The North Carolina
Mitchell was formed in 1861 from Yancey, Watauga, Caldwell, Burke, and McDowell counties. It was named in honor of Dr. Elisha Mitchell, a professor at the University of North Carolina. While on an exploring expedition of Mt. Mitchell, the highest peak east of the Mississippi River, Dr. Mitchell fell and was killed. He was buried on the top of this lofty mountain.
It is in the western section of the state and is bounded by the state of Tennessee and Avery, McDowell, and Yancey counties. The present land area is 221.43 square miles and the 2000 population was 15,687.
The first court was ordered to be held at Eben Child's. Commissioners were named to acquire the land, establish a town by the name of Calhoun, and erect a courthouse in Calhoun. They maintained it was inconvenient to three-fourths of the citizens. They said the matter should, therefore, be referred to the Assembly. In 1862, an act was passed authorizing the people to decide by ballot for Calhoun, or for Davis as the county seat. In 1863, an act was passed which stipulated that the county seat should be located at the geographical center of the county by actual survey and measurements.
In 1863, the justices met and unanimously agreed that Norman's Hill should be selected as the county seat. From 1861-1866, commissioners were appointed to acquire the land and lay out a town. At the regular September term, 1866, held at Davis, the commissioners reported that they had acquired twenty-nine acres of land and sold the lots. In 1868, the county seat was changed from Davis to Bakersville. Bakersville was incorporated in 1870 and is the county seat.
The county is well-known for its scenery. It is home to Roan Mountain, which has the largest naturally-occuring rhododendron gardens in the world. Bakersville pays homage to the blooming of those gardens each June during the North Carolina Rhododendron Festival, which is held at Bowman Middle School. The Blue Ridge Parkway skirts the southern sections of the county, with many places to stop off and admire the beautiful scenery of the area.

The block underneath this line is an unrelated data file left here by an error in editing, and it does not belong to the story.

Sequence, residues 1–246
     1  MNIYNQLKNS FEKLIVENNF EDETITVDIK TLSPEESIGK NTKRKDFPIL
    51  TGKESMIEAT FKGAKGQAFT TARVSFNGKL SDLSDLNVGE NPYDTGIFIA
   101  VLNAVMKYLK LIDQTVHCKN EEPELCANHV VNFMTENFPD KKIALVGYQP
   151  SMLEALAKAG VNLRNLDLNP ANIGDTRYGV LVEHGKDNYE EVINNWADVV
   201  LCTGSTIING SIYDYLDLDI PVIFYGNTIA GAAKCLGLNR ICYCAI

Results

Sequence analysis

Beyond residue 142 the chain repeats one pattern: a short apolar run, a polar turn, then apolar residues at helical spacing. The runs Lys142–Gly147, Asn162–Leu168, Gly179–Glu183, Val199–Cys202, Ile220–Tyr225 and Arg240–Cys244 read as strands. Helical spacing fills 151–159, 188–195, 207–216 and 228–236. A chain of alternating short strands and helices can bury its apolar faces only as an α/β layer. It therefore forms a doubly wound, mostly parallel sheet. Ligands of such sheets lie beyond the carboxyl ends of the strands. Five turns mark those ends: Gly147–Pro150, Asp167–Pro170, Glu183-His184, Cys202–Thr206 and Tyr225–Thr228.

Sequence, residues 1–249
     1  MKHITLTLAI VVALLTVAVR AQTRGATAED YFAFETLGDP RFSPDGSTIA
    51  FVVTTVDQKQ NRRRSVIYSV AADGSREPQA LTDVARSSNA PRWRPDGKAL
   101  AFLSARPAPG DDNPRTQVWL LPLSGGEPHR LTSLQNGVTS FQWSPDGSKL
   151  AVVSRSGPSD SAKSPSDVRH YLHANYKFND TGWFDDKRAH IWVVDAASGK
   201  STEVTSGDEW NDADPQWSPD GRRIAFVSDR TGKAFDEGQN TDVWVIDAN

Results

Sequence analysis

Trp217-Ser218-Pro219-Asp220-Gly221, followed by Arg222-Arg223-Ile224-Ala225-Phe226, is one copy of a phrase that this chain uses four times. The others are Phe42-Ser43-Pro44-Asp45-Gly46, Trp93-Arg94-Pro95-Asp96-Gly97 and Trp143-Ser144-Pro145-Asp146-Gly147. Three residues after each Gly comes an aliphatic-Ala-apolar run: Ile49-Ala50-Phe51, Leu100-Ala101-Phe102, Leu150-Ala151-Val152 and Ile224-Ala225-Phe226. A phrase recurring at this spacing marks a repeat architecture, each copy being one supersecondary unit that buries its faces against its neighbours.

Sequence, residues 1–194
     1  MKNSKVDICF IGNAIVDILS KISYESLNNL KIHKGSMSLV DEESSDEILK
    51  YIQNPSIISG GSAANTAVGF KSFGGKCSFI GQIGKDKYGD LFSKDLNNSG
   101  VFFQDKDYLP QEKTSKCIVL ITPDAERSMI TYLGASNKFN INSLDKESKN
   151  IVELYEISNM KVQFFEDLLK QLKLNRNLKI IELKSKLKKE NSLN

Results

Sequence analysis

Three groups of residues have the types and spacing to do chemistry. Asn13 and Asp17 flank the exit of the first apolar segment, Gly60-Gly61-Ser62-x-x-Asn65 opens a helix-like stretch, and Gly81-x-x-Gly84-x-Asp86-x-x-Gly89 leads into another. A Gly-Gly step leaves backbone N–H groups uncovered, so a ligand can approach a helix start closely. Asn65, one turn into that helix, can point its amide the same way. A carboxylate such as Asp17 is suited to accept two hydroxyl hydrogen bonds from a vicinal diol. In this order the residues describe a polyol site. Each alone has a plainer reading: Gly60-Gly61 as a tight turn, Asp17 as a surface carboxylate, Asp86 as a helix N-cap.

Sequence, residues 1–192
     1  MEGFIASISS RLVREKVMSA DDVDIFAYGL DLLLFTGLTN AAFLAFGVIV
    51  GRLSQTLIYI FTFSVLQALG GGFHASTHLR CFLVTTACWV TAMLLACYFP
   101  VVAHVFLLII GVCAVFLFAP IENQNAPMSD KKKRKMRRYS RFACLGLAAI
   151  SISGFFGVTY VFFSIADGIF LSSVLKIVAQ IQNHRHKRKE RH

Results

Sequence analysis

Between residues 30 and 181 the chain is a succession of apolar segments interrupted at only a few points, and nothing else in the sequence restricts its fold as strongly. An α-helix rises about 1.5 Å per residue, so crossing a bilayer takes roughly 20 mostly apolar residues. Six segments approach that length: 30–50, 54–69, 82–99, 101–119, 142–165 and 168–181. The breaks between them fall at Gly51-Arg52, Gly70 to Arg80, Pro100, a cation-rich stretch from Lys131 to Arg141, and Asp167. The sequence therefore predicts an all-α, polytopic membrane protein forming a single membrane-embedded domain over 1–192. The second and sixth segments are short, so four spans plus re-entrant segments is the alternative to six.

Mitchell County is bounded by the highest peak east of the Mississippi River, Mount Mitchell, which is located in neighboring Yancey County and by one of the oldest mountains in the world, Grandfather Mountain, located in adjoining Avery County. The North Toe River flows through the county and joins with the South Toe at Toecane to form the Nolichucky River, one of the best whitewater rafting rivers in the eastern U.S.
Mitchell County is also known for its rich trove of gems and minerals. The world-famous North Carolina Mineral and Gem Festival, one of the oldest festivals of its kind, makes Spruce Pine and Mitchell County its home each August. Rockhounds from around the world descend on the region to explore the vast treasures stored underground.
As of the census of 2000, there were 15,687 people, 6,551 households, and 4,736 families residing in the county. The population density was 71 people per square mile (27/km²). There were 7,919 housing units at an average density of 36 per square mile (14/km²). The racial makeup of the county was 97.87% White, 0.22% Black or African American, 0.45% Native American, 0.20% Asian, 0.66% from other races, and 0.60% from two or more races. 1.98% of the population were Hispanic or Latino of any race.
There were 6,551 households out of which 27.40% had children under the age of 18 living with them, 60.90% were married couples living together, 8.10% had a female householder with no husband present, and 27.70% were non-families. 25.20% of all households were made up of individuals and 12.00% had someone living alone who was 65 years of age or older. The average household size was 2.37 and the average family size was 2.82.
In the county the population was spread out with 21.20% under the age of 18, 6.80% from 18 to 24, 26.40% from 25 to 44, 27.10% from 45 to 64, and 18.60% who were 65 years of age or older. The median age was 42 years. For every 100 females there were 95.60 males. For every 100 females age 18 and over, there were 92.30 males.
The median income for a household in the county was $30,508, and the median income for a family was $36,367. Males had a median income of $26,550 versus $20,905 for females. The per capita income for the county was $15,933. About 10.70% of families and 13.80% of the population were below the poverty line, including 17.20% of those under age 18 and 16.40% of those age 65 or over.